For the makers of Porsche, times have never been better in Latin America's biggest nation. Sales to Brazil have risen tenfold since 2003 and are set to hit a record 500 cars this year—not bad at $144,000 to $269,000 a pop. Of course, they seem a lot cheaper to Brazilians these days. With the real up 22 percent against the dollar in the last year, a car that fetched 800,000 reals in 2003 now retails for about 480,000. No wonder Brazil's luxury-goods market will soon top $4.3 billion, an impressive 33 percent rise in the last five years, according to the São Paulo research firm GfK Indicator.
A new taste for expensive toys is only half the story. For four years running, the Brazilian real has outperformed the world's 16 most traded currencies. After nearly two decades of slumber, the world's ninth largest economy is regaining its place as an emerging-market favorite. Growth will hit 5 percent this year, up from 3.7. The boom in raw-materials prices has helped, as has export diversification away from the United States. Inflation, once a national curse, is down to 4.5 percent and the Treasury will post a budget surplus for the ninth straight year. Despite the spiking real, exports are surging in value and volume. Foreign direct investment is at a 60-year high. Much of the bounty is pouring into the São Paulo Stock Exchange, up 39 percent by volume this year alone. Once the world's biggest debtor, Brazil is now a net creditor, with $160 billion in foreign reserves.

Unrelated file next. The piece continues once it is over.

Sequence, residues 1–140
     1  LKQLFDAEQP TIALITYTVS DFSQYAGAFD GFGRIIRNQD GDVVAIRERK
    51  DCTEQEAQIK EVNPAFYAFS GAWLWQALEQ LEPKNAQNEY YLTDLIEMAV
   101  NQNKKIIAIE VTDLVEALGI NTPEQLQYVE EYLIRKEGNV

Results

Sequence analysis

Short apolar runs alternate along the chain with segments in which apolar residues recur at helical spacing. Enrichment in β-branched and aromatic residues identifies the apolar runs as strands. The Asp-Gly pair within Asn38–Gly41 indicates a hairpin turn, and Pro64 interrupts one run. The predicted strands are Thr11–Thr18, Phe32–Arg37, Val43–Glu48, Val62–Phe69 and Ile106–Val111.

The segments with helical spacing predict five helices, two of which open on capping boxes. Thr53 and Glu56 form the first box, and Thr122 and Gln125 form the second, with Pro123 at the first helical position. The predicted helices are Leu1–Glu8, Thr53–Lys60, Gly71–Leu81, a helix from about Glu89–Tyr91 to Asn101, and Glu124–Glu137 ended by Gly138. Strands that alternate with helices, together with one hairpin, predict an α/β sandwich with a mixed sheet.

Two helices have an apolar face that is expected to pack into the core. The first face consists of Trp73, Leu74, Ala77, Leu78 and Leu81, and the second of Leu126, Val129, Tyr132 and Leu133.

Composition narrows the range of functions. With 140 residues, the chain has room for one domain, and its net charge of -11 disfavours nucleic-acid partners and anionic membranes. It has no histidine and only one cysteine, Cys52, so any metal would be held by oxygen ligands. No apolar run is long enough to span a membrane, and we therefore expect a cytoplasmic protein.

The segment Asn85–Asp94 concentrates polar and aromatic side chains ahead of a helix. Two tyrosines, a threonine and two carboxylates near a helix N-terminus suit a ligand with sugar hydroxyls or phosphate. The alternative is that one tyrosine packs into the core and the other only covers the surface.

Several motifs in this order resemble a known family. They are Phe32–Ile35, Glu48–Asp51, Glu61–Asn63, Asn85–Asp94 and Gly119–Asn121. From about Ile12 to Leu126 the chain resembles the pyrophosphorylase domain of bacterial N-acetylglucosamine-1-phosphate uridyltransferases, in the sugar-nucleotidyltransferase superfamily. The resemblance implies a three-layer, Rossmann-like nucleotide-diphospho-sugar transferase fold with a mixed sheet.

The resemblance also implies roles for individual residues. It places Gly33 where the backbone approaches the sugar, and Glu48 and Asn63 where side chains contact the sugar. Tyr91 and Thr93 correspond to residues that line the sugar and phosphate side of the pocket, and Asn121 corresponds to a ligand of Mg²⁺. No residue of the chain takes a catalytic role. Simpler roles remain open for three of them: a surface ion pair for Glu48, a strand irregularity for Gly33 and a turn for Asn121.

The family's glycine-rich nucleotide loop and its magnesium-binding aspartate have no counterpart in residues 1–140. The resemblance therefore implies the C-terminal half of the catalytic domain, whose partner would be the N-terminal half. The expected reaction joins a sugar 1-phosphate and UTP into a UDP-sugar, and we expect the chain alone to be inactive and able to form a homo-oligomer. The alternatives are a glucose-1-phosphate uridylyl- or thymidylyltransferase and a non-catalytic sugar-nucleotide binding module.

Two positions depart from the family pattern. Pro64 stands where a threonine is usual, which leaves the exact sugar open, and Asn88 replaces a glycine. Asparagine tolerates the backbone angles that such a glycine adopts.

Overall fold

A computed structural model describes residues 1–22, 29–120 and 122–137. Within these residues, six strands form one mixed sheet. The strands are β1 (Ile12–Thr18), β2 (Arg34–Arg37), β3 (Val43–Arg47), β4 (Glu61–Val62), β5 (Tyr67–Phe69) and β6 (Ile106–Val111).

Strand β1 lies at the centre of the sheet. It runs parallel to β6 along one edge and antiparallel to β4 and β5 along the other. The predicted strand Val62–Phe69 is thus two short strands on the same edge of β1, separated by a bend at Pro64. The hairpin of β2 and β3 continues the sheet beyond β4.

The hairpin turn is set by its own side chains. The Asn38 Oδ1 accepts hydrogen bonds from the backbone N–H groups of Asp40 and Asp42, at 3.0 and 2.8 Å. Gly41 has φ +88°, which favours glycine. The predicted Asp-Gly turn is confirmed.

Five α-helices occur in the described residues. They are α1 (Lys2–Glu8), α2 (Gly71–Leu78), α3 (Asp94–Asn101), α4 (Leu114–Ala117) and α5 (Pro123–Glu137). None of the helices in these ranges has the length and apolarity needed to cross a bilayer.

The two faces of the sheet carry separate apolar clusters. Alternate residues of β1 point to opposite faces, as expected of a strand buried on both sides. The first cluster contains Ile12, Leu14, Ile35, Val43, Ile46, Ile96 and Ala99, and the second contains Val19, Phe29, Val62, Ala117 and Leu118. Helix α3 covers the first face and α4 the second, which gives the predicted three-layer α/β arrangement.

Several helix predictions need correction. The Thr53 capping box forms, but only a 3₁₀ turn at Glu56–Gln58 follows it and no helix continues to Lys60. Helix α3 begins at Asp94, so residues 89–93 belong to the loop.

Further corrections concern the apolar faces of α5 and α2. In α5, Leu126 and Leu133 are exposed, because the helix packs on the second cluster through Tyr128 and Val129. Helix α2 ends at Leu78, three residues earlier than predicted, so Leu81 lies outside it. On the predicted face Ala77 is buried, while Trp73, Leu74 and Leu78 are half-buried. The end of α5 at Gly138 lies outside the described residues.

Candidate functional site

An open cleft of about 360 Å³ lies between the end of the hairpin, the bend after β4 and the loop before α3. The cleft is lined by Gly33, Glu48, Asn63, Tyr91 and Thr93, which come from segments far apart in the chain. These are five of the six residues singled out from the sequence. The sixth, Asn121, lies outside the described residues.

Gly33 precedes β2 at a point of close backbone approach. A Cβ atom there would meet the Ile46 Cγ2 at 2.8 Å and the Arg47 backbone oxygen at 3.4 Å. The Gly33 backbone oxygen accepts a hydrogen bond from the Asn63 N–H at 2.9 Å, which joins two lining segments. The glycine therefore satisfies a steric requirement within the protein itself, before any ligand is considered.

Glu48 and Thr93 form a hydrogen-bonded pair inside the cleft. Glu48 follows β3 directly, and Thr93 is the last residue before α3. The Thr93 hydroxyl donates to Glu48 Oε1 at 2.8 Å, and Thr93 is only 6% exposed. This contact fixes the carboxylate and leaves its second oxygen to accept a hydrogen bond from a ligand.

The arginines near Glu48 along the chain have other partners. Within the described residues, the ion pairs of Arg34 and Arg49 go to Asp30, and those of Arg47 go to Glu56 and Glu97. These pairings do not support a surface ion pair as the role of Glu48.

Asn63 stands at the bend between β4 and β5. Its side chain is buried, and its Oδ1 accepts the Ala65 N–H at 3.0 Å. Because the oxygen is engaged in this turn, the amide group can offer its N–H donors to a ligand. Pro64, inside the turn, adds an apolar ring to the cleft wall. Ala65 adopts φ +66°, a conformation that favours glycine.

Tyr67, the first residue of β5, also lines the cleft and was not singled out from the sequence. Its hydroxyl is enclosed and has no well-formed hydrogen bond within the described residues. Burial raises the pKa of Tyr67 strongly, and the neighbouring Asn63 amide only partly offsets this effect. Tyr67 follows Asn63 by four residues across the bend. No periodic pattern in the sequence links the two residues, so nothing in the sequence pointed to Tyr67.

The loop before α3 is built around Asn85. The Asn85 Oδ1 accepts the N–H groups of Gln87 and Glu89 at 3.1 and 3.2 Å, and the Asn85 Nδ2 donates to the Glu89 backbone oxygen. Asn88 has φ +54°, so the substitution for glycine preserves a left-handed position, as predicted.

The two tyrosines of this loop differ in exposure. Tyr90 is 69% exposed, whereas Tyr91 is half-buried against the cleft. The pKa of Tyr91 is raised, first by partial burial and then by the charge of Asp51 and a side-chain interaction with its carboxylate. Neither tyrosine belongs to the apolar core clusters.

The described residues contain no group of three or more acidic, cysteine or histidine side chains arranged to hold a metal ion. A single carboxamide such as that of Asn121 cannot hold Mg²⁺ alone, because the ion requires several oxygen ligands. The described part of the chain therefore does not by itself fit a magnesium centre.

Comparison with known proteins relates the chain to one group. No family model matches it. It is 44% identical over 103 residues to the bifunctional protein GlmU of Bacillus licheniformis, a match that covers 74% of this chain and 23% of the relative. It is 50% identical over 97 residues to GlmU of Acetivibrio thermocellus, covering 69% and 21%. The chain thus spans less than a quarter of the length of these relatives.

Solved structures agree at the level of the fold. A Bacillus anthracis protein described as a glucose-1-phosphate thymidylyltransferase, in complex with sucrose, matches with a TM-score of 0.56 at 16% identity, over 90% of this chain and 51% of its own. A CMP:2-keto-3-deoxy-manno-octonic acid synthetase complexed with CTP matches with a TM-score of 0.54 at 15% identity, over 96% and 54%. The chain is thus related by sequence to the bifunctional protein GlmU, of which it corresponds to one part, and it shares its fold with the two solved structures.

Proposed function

Brazilians have seen spurts of development before, but not like this. "Other countries may be growing faster, saving more or seeing higher investment rates," says Ricardo Amorim, emerging-markets strategist for WestLB Bank. "It's the combination of positive factors that sets Brazil apart." That combination is likely to win Brazil an investment-grade rating next year, which will drastically reduce company borrowing costs—and push the mighty real up yet another peg against the greenback.
And just because God is Brazilian, as the natives like to say, the country recently came across its biggest oil find ever, the Tupi fields, with some 5 billion to 8 billion barrels of light crude, which would make Brazil one of Latin America's leading energy titans, right behind Venezuela. Another petro-populist state in the making? Not likely. "Brazil is a place where there has been a real and sustained economic turnaround," says Lewis Alexander, chief economist at Citi. "Since 1994 you've had very strong political support for good, sensible policies. And it's not going to reverse."
The boom is silencing skeptics who've recently suggested deleting the "B" from BRICs, the acronym for emerging market dynamos Brazil, Russia, India and China, coined by Goldman Sachs senior economist Jim O'Neill in 2001. They may be missing the point. "A lot of the growth in China is due to urbanization, and Brazil has already gone through that," says O'Neill. "While the other [BRICs] economies have higher aggregate growth rates, they are peaking and may fall soon." By contrast, he says, "Brazil is on the verge of 5 to 7 percent growth."
The key now is whether president Luiz Inácio Lula da Silva can push through more reforms and cut red tape. Unloading a container in Brazil is still twice as expensive as it is in India, and takes three times longer than it does in China. The average Brazilian company pays 69 percent of their net profits to the government and spends 2,600 hours preparing taxes every year.
With municipal elections looming next year, getting Congress to focus on reform won't be easy. Still, it's remarkable how far the Brazilian economy has come. Can the sunny days last? It will depend on how a bigger U.S. decline plays out globally. For now, the Porsche tops are still down.